From the first knowledge of the emergence of COVID-19, we have relied on forms of media, and their defining technologies, to keep us updated and stay connected. The information we receive shapes health attitudes and adherence to preventive measures. It informs how we act as individuals and citizens. The virus itself has not only has created news to be reported. It also has produced a new kind of dependency on communication media. And as a result of social distancing actions, there is a logical increase in media consumption.
A landscape of traditional broadcast media gatekeepers has been juxtaposed with social media actors and the bubbles that are created by narrowcasting into our customized feeds. Alternative news and conspiracy theorists are all vying for position, forecasting effects and prescribing necessary responses to the pandemic. In this information milieu, there has been a proliferation of misinformation. Providing accurate and authoritative information to the public has been colored by political partisanship and fostered mistrust of ‘mainstream’ media—even to the point where the principles of modem science are thrown into question. UN Secretary-General António Guterres argues that “the antidote to this pandemic of misinformation is fact-based news and analysis.” But how do we curtail misinformation when we don’t have a common understanding of a shared truth? What, in this media context, is “fact”? And when powerful digital media and platforms choose to be agnostic in the “truth” business, what hope do we have of finding common ground to address this and other existential threats?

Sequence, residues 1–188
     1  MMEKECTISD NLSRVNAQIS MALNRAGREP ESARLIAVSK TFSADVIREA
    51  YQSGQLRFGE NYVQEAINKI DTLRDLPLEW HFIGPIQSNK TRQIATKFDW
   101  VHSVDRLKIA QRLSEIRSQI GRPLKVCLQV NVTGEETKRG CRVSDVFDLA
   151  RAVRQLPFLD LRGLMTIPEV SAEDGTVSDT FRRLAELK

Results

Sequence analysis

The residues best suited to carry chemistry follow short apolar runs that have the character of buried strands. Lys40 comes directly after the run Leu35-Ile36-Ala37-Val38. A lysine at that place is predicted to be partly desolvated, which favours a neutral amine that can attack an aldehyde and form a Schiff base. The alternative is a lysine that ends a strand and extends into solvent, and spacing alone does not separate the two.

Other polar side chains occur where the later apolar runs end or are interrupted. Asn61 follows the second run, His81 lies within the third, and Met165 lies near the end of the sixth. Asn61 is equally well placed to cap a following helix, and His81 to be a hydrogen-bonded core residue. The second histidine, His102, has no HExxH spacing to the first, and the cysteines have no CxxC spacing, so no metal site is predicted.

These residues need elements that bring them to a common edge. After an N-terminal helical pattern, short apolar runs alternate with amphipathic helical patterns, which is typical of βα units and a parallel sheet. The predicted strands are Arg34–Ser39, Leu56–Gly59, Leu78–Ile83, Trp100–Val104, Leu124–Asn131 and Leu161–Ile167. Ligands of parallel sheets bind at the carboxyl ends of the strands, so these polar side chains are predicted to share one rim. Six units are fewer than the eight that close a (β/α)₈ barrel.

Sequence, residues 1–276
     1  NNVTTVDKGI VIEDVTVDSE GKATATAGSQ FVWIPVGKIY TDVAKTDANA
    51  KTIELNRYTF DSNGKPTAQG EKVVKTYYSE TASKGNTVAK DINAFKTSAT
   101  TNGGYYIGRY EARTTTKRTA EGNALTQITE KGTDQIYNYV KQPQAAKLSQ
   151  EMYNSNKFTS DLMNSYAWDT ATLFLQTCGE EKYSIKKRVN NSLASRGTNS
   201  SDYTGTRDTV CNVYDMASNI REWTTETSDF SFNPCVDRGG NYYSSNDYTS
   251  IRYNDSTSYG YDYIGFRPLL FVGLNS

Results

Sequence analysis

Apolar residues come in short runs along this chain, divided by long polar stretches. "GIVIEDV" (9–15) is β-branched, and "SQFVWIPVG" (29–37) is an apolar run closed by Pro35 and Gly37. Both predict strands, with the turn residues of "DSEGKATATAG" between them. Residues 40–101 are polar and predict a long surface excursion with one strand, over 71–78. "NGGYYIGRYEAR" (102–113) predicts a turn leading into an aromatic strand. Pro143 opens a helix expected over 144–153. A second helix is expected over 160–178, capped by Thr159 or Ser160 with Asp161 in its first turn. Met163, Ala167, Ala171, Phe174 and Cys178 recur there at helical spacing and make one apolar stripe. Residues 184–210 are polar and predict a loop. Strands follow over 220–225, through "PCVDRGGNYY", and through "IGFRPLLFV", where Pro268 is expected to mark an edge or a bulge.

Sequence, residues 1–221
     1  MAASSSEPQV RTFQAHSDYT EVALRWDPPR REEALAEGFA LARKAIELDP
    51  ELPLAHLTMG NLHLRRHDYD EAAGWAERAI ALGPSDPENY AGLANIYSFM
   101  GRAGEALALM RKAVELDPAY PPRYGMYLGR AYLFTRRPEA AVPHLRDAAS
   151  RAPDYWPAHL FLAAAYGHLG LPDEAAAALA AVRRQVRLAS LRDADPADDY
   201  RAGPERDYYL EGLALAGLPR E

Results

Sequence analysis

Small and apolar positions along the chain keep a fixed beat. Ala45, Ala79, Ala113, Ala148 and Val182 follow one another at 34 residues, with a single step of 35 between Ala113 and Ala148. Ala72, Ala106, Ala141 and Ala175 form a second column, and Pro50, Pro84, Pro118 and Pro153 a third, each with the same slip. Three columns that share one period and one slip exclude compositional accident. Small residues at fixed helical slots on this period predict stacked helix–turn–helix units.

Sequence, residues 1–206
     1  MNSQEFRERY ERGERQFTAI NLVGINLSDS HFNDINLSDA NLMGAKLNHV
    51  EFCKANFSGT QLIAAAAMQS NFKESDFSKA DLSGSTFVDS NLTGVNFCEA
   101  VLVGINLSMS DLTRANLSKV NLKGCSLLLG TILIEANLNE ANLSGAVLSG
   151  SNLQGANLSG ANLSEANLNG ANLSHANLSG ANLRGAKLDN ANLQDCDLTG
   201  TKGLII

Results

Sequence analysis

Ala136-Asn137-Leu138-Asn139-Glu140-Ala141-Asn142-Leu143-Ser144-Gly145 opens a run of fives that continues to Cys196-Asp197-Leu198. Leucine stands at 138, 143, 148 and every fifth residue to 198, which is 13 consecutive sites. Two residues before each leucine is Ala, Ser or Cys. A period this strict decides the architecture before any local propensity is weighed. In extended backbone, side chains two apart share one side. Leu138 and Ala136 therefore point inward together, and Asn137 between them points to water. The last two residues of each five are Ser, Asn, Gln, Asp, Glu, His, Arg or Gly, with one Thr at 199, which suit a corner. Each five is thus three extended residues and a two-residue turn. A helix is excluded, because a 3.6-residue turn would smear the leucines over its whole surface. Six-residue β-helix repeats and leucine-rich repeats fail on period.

A small number of Emerging Scholar Awards are given to outstanding graduate students and emerging scholars who have an active research interest in the conference themes. The Award provides a strong professional development opportunity for early career academics—meeting experts in the field, interacting with colleagues from other parts of the world, and creating networks and lasting connections.
Virtual Posters present preliminary results of work or projects that lend themselves to visual representations. View the posters below.
Virtual Presentations are grouped by general themes. Each presenter's formal, written paper will be available to participants if accepted to the journal.